IN a simple language, Tanzanian marathoner, Alphonce Simbu, has convinced the youth countrywide that excelling in sports pays handsomely.
In just 2 hours, 09 minutes and 32 seconds, the Tanzanian runner racked in USD 42,000 equivalent to 93 million in local currency.
Simbu, who won the country attention after finishing fifth in a gruelling Rio Olympics, was awarded the money as a cash prize for winning Mumbai Marathon in India over the weekend.
His victory revived the faded hopes among the youth and informed Tanzanians that athletics, once declined, is slowly regaining its lost stronghold.
His victory and the financial gains were well received in Arusha, the country’s breeding ground of the best athletes.
Simbu’s financial gain might be a motivational new thing for the Tanzanian youth today, but it was vey common in the country during the glorious days of the country’s legendary runners such as Filbert Bayi, Juma Ikangaa, Suleiman Nyambui, John Yuda and Zebedayo Bayo.
One of the widely reported during the reign of the past legends was the Mercedes Benz worth USD 50,000 Juma Ikangaa.
Though it has not been established yet how much other prominent runners gained through athletics, the package being offered to the winners of the global events such as Diamond League, Golden or Grand Prix is extremely bigger than USD 42,000 Simbu gained in the sub international events like Mumbai Marathon.
Previously it has been USD 50,000 for winners, 30,000 for runners up and the package goes down to the 10th finishers of both men and women categories.
Tanzania’s neighbour, Kenya leads the East African region in reaping huge foreign income through athletics, especially long distance races and marathons.
Most often, Kenya, whose athletes win almost every event staged world wide on Sundays, can earn at least USD 150,000 weekly through its athletes who normally win in 1-2-3 finishing most often.
For the residents of Dar es Salaam or any youth outside Arusha, it is difficult to see the benefits of athletics, since the sport is almost forgotten there.
The impact of the athletics money can be easily noticed in various rural and urban areas of Arusha and Manyara, the home regions of most of the successful Tanzanian athletes.
However, the inspirational feat of Simbu doesn’t mean that every inspired youth should now opt for long and tough races like 42km marathons.
Simbu spent over two hours to win the jackpot, but if he were a sprinter like Ussain Bolt, he could easily pocket the same amount within 10 seconds!.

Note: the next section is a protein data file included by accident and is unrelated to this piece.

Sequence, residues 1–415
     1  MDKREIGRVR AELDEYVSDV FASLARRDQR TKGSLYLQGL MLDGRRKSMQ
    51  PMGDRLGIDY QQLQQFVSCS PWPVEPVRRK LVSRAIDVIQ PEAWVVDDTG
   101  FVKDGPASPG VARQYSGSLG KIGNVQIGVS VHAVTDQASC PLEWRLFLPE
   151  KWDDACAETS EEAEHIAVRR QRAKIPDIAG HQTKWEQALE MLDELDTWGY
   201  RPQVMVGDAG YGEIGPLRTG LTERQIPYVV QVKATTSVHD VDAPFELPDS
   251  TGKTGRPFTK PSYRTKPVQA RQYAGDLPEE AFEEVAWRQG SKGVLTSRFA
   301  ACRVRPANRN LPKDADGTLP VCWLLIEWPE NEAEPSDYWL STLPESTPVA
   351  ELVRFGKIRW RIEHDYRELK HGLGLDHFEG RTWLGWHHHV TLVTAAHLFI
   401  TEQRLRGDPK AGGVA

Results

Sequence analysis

There are many shorter and simpler races to start with and defy the tradition that restricts Tanzania into longer races starting from 1500m, 3000 steeplechase, 5000m, 10,000 and the 42km or 21km marathons.
But it has been very difficult to convince Tanzanian runners to try other disciplines.
As Coach Iddi Mhunzi once advised, the youth should start with short distance races to become medal and cash winning runners.
But the best lesson which Tanzanian sports fraternity need to learn is how our neighbour Kenya grooms the best runners.
It has been said most often that talented athletes in long races have always emerged from East Africa, but no other nation on the continent has been able to match Kenya’s consistent ability to produce champions year in, year out.
Theories abound as to why this is the case. Some argue genetics is a factor.
Others say a lot of runners hail from the Rift Valley, a part of the country with high altitude, and this gives the athletes an edge.
But, Tanzania’s athletics legend Filbert Bayi always thinks it is a good system that scouts and grooms athletes from primary and secondary schools all the way to clubs that pays.
The British World and Olympic champion Mo Farah tells the story of the dedication he witnessed when, as a mediocre runner, he decided to train with Kenyan athletes.
He had seen them just eat, sleep and train and nothing else was a big shock for him.
This level of professionalism and intense hard work is what distinguishes Kenyan athletes from their competitors.
Why should Tanzania learn from Kenya, is their advanced level of professionalism in the sport. Most runners are already professionals.
So when the international competitions come around, they are going to do well, because they are already doing well in their careers.
While Tanzanian schools and colleges shrugged off allegiances with athletics, Kenyan schools encourage athletics, and the economic potential that young athletes see in the sport.
The experts in athletics claim that encourages professionalism hence every runner who represents Kenya in global event can run and compete as professional.
The increase in number of English Medium schools, universities and colleges, has yet to benefit athletics in Tanzania at the moment.
The increase in number of higher learning institutions seemed to benefit many sports like basketball and football